Resurrection Mary is one of Chicago‘s most famous ghosts. And, having been featured on paranormal shows like Unsolved Mysteries, In Search Of, and Arthur C. Clarke’s World of Strange Powers, she might just be the most famous Vanishing Hitchhiker in the world. For decades, people fascinated with the story have been trying to answer the […]
Resurrection Mary is one of Chicago’s most famous ghosts and, over the years, a number of “candidates” have been put to answer the question: Who was she?
Mary Bregovy, like the girl in the Resurrection Mary legend, had lived on Damen Avenue and had died in an automobile accident in the 1930s. But, despite people who knew her while she was alive having reported seeing her on Archer Avenue after her death, Mary Bregovy didn’t look like the girl who is normally described in Resurrection Mary sightings.
On this episode, we discuss how she fits into the Resurrection Mary legend.
Resurrection Mary might be the most famous Vanishing Hitchhiker in the world.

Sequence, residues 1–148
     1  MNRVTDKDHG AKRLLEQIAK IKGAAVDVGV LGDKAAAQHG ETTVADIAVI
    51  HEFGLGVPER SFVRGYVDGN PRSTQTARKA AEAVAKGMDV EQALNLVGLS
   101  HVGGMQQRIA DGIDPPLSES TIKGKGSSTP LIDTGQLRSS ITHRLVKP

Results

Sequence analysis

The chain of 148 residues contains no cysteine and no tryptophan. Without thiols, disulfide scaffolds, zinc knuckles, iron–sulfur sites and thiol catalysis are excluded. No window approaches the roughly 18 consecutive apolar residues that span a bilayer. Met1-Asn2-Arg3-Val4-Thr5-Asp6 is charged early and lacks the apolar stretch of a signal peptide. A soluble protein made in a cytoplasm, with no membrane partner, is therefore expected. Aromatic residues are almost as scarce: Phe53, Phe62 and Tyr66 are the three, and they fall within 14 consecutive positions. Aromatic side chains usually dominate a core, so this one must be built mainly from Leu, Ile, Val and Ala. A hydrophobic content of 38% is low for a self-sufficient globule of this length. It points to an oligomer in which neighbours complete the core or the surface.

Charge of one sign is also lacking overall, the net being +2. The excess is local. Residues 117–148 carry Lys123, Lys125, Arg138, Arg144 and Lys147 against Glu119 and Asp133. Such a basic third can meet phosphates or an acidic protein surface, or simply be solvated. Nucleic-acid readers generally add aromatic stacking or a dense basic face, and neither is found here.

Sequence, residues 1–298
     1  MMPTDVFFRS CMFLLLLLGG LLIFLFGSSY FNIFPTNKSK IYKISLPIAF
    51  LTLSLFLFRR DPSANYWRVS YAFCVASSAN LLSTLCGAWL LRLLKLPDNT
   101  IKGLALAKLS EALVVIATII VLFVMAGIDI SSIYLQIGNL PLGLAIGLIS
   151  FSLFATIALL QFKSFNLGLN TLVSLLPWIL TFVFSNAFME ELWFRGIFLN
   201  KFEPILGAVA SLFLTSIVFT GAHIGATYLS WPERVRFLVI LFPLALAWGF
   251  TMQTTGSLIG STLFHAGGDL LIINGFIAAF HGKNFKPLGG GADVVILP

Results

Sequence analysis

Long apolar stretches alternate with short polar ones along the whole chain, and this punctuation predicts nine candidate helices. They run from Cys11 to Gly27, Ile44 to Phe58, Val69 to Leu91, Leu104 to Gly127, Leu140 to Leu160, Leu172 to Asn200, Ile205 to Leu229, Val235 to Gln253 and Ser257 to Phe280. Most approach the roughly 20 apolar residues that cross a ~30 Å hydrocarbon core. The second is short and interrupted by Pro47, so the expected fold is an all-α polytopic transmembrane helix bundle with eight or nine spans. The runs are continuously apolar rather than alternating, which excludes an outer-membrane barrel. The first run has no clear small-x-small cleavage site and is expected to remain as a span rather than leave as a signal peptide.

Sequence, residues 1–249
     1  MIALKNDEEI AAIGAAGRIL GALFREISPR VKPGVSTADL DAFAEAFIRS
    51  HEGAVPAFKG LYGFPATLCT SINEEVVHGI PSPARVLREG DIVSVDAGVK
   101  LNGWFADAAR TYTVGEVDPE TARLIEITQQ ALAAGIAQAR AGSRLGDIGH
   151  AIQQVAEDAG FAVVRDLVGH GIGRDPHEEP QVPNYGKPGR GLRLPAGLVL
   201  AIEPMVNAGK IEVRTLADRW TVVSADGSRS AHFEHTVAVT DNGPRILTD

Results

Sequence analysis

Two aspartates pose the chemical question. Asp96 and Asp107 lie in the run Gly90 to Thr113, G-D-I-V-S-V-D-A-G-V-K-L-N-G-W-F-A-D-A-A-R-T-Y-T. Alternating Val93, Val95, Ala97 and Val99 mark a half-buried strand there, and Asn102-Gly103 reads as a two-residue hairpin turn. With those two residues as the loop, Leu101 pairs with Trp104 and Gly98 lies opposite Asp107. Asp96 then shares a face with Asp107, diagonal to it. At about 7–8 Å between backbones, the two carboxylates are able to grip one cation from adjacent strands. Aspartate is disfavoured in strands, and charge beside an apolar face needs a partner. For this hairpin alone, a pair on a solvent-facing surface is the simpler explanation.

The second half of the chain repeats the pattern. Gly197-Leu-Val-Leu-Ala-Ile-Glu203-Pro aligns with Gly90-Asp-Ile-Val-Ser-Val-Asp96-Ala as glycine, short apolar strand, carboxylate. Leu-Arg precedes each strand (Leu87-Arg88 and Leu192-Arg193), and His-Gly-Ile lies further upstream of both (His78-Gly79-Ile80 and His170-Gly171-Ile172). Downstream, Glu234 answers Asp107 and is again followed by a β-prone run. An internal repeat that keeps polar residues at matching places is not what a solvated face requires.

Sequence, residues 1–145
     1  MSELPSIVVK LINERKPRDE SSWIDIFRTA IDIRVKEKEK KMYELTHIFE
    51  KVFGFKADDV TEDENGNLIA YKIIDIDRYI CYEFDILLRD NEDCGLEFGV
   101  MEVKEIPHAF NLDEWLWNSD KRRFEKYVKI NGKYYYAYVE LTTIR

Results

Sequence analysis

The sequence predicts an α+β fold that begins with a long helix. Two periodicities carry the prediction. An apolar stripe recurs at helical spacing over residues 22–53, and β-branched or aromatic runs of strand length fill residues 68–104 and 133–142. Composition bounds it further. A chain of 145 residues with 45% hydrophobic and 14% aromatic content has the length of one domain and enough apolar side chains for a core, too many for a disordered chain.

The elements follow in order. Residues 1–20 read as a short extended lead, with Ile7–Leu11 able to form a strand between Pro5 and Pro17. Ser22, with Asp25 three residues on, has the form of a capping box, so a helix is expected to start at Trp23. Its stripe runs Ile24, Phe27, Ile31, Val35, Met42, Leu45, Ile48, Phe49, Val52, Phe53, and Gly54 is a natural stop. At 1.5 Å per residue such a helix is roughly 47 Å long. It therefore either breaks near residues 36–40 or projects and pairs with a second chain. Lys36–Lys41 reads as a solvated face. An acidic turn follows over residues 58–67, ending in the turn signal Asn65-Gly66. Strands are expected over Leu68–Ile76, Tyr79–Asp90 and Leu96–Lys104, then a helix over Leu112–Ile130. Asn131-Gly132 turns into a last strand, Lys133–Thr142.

On this episode, we begin our investigation of who Mary could have been and, just as importanly, who we think she wasn’t.
Chicago’s most famous Vanishing Hitchhiker is, without a doubt, the ghost of the young woman (or women) who has come to be called Resurrection Mary. But, we’ll come back to that.
On this episode, we explore the story of one of Chicago’s other vanishing hitchhikers: The Waldheim Flapper.
Between the towns of Uniondale and Willowmore, witnesses have reported encounters with one of South Africa’s most famous ghosts: the Uniondale Hitchhiker.
A girl is brutalized and left for dead on Jenny Dixon Beach. The ghost story seems unbelievable, but the history that inspired it is true.
A girl walking quietly beside the road before disappearing. An old woman in a black tartan shawl carrying a bundle of sticks or heather, A girl who steps into traffic, disappearing after being struck. And a pair of Vanishing Hitchhikers.
Join us on this episode as we discuss the Many Ghosts of Blue Bell Hill.
Today, on the eighth anniversary of the disaster, we remember its victims through the stories told by Japan’s taxi drivers of the Phantom Fares of Ishinomaki.
Since the late 1930s, reports have surfaced of people seeing the spectral apparation of a young woman who’d drowned beneath the waves of White Rock Lake.
And, she isn’t content to just ask strangers to drive her home.
Every year, on February 26th, a young woman is said to appear alongside Niles Canyon Road.
There are many stories as to how her ghost came to be; a carriage accident, a young girl gone missing in the canyon, and a heart-broken actress from the earliest days of cinema.
But, which of those stories is true? Find out on this Patreon-exclusive episode of Epitaph: The Others.